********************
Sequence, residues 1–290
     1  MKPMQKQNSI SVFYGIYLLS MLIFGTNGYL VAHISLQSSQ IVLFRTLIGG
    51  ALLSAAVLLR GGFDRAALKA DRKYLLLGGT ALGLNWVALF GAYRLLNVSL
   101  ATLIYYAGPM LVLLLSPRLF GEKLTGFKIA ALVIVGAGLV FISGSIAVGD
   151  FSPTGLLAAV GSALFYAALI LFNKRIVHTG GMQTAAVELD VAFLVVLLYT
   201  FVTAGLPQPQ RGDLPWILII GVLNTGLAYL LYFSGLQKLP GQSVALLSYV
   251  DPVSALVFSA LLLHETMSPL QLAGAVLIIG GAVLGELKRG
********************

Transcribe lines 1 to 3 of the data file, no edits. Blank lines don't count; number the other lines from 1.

Sequence, residues 1–290
     1  MKPMQKQNSI SVFYGIYLLS MLIFGTNGYL VAHISLQSSQ IVLFRTLIGG
    51  ALLSAAVLLR GGFDRAALKA DRKYLLLGGT ALGLNWVALF GAYRLLNVSL